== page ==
My Travel Guide to the Camino de Santiago

502 miles, 47 days, and 25 blogs later, I present to you my travel guide to the Camino de Santiago. There are many routes to take to arrive at the Cathedral in Santiago de Compostela, the destination that hundreds of thousands of pilgrims have been walking to for over 1,000 years. I chose to walk the 482-mile Camino Francés from the border with France, across northern Spain. Then I chose to walk an additional 20 miles up the Atlantic coast in Spain on the Camino Finisterre to Muxía. I include links within each section of this travel guide to my Continue Reading →

My Book: Windows and Doors of the Camino de Santiago

Ultreïa et Suseïa. Onwards and Upwards. An exchange between pilgrims – one says “Ultreïa,” the other says “et Suseïa.” Encouraging each other to keep going, to walk further. In my interpretation, to keep moving forward, and to strive higher. In my new book, “Windows and Doors of the Camino de Santiago,” I talk about these great words, Ultreïa et Suseïa. I also have 285 pictures of the best of the best of the best of my 1,300 windows and doors photographs from my Camino de Santiago walks. Windows and doors are my favorite subject to photograph when I travel. In Continue Reading →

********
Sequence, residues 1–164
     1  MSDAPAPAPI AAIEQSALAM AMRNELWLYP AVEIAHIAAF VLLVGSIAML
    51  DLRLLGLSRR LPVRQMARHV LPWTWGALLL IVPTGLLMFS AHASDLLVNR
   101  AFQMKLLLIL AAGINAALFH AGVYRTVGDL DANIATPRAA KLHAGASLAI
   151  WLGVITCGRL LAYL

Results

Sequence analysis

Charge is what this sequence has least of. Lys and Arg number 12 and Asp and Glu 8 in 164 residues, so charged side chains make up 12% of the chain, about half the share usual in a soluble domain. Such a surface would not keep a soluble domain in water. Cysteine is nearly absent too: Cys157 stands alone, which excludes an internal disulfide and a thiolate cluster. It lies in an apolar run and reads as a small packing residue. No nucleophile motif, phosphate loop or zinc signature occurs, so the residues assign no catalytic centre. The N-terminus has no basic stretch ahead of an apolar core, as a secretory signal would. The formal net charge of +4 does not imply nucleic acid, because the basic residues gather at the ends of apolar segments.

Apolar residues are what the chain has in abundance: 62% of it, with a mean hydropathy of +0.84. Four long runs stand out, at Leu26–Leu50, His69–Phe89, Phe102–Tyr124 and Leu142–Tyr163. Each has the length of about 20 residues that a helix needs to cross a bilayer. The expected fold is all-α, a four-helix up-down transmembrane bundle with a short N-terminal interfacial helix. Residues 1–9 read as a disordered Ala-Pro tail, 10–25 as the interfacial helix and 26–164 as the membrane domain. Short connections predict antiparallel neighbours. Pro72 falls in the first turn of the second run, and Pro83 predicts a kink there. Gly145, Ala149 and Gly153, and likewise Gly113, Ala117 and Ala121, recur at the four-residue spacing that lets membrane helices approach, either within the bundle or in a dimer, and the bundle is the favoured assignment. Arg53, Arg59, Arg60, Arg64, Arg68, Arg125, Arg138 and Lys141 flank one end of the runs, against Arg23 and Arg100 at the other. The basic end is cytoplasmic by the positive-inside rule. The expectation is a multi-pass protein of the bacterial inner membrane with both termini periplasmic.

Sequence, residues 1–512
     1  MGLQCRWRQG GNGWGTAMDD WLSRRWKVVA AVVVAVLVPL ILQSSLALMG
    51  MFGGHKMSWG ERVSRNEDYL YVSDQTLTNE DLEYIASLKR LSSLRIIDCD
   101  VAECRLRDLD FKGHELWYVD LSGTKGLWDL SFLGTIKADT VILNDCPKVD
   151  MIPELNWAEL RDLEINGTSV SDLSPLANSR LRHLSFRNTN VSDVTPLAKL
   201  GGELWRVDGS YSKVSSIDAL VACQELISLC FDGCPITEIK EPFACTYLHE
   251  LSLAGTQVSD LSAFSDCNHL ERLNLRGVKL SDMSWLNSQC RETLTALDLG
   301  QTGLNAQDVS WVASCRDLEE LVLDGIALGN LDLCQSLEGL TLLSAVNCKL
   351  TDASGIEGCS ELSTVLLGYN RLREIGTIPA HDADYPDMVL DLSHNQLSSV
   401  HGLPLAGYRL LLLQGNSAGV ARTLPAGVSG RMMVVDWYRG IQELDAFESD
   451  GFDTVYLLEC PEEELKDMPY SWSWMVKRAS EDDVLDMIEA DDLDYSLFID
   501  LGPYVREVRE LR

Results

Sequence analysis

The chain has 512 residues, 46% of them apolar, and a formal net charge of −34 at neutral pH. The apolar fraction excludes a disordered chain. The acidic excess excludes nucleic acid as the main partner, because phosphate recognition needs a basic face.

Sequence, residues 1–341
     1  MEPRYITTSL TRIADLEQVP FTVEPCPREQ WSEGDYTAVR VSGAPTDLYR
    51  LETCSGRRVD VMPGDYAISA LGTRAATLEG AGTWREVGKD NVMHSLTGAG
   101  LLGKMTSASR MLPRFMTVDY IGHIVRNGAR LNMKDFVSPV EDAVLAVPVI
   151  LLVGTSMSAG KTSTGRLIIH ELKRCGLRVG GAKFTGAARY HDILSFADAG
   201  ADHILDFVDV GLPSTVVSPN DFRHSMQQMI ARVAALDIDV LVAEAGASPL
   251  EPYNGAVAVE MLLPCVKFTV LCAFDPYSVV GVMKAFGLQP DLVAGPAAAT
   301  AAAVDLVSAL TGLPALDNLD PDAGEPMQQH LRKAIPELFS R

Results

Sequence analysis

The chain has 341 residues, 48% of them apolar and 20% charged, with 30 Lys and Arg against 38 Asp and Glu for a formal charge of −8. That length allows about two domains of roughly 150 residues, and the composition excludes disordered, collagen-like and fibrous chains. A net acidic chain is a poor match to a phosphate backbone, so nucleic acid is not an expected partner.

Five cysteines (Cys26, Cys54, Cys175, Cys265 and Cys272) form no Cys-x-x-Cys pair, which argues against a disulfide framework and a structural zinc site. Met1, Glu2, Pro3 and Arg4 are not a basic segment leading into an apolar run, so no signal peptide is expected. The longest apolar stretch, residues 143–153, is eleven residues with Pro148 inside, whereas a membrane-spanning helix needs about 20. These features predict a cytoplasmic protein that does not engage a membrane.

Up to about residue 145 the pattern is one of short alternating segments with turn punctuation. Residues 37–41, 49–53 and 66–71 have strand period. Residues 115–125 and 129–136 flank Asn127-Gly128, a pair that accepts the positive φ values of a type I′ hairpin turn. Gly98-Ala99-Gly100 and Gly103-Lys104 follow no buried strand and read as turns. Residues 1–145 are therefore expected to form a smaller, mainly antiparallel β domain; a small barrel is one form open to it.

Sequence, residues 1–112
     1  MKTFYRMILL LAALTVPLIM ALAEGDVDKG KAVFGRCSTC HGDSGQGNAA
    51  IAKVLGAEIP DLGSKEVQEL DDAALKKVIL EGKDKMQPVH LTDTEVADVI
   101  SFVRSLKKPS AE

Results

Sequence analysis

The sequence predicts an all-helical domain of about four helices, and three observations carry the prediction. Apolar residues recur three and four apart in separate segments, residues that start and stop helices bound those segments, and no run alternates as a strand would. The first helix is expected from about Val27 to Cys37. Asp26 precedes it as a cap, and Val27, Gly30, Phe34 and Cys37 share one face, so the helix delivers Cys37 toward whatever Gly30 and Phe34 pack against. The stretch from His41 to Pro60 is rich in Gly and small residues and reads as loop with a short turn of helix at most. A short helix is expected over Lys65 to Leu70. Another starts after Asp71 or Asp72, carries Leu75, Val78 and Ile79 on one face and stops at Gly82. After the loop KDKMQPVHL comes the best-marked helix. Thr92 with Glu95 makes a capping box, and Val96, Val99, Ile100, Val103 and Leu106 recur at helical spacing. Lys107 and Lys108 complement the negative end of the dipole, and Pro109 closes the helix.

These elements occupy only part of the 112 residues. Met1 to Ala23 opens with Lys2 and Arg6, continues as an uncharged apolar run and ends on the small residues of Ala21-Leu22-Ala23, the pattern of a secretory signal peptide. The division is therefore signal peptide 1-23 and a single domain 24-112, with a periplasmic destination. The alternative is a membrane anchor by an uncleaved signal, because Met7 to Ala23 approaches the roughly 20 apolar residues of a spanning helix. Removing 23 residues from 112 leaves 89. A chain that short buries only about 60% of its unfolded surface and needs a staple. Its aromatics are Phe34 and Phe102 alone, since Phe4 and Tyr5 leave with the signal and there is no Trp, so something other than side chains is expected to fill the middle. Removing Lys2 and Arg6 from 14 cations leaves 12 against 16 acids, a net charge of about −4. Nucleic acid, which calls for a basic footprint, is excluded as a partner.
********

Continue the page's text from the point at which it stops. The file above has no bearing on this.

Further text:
Souvenirs of the Camino de Santiago

I enjoy buying little trinkets when I travel. Small enough to fit in a backpack, without adding a lot of weight. Even when I used mochila transport services on the Camino de Santiago. These small chachkies are great ways for me to keep the memories alive as I display them around my house. On the Camino de Santiago, the scallop shell is a significant symbol. They say that the contours and features of the scallop shell represent the converging of people from all over the world, bound for a common destination, the cathedral in Santiago de Compostela. Used as one Continue Reading →

Sellos, Credencials, and Compostelas on the Camino de Santiago

Compostela: The word derives from campo meaning “field,” and stella meaning “star,” and thus translates to “The Field of Stars.” Much like getting a diploma when you graduate school, once you reach the Cathedral in Santiago de Compostela, you can get your Compostela. Of course, there are no classes or tests to take, but you do still need to meet some minimum requirements. First, if you are walking on the Camino Francés, you need to have walked the last 100 kilometers/60 miles (staring in Sarria), or if traveling by bicycle or horseback, the last 200 kilometers/120 miles. You also need Continue Reading →

The Cathedral in Santiago de Compostela on the Camino de Santiago

After 482 miles/775 kilometers, 42 days, 2 blisters, 6 pairs of shoes, 4,800 pictures, 14 pounds in my backpack, 2 shirts, a sweater, rain gear, 2 pairs of pants, 4 pairs of socks, and a 1 ounce tube of toothpaste, I made it to the destination that hundreds of thousands of pilgrims have been walking to for over 1,000 years. The Cathedral in Santiago de Compostela. My last day of walking the Camino Francés was only 6.5 miles by design. So that when I arrived at the Cathedral I could appreciate all that I have seen, experienced, eaten, and accomplished Continue Reading →